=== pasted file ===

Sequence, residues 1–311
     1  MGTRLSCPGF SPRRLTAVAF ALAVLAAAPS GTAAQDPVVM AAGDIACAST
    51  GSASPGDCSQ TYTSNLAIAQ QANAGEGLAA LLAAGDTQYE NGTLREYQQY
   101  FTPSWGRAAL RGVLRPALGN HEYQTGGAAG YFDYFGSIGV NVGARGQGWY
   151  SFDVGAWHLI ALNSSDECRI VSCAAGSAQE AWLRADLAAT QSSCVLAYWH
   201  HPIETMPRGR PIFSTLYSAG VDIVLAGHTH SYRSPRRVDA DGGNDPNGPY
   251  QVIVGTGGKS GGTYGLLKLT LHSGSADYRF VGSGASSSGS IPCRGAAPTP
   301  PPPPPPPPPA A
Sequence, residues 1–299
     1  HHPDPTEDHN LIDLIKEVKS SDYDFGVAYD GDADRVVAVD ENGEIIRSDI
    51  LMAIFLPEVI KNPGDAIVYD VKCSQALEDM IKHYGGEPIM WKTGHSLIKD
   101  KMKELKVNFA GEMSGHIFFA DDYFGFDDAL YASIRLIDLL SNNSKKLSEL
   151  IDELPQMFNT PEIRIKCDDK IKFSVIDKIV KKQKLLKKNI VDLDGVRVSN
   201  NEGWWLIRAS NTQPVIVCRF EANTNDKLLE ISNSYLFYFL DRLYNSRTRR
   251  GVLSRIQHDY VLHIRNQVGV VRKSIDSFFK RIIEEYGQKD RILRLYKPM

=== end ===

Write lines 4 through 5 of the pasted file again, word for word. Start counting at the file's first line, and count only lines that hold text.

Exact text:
   101  FTPSWGRAAL RGVLRPALGN HEYQTGGAAG YFDYFGSIGV NVGARGQGWY
   151  SFDVGAWHLI ALNSSDECRI VSCAAGSAQE AWLRADLAAT QSSCVLAYWH